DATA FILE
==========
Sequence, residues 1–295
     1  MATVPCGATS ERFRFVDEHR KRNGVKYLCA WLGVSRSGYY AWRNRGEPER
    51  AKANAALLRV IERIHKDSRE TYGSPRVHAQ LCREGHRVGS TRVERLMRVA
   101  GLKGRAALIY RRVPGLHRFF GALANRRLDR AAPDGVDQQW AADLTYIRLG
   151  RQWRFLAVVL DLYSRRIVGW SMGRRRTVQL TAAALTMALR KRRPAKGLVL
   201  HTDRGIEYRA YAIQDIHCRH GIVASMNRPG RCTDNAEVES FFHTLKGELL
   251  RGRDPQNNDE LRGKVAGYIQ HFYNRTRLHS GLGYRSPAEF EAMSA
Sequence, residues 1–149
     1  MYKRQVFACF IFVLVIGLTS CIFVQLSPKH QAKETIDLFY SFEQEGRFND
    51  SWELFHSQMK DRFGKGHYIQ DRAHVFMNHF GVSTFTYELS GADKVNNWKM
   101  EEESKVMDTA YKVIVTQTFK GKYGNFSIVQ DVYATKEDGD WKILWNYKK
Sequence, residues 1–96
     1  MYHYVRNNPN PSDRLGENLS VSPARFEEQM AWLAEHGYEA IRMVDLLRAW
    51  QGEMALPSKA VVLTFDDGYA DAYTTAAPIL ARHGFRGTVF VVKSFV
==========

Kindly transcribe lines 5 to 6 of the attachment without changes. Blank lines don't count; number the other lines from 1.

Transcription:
   151  RQWRFLAVVL DLYSRRIVGW SMGRRRTVQL TAAALTMALR KRRPAKGLVL
   201  HTDRGIEYRA YAIQDIHCRH GIVASMNRPG RCTDNAEVES FFHTLKGELL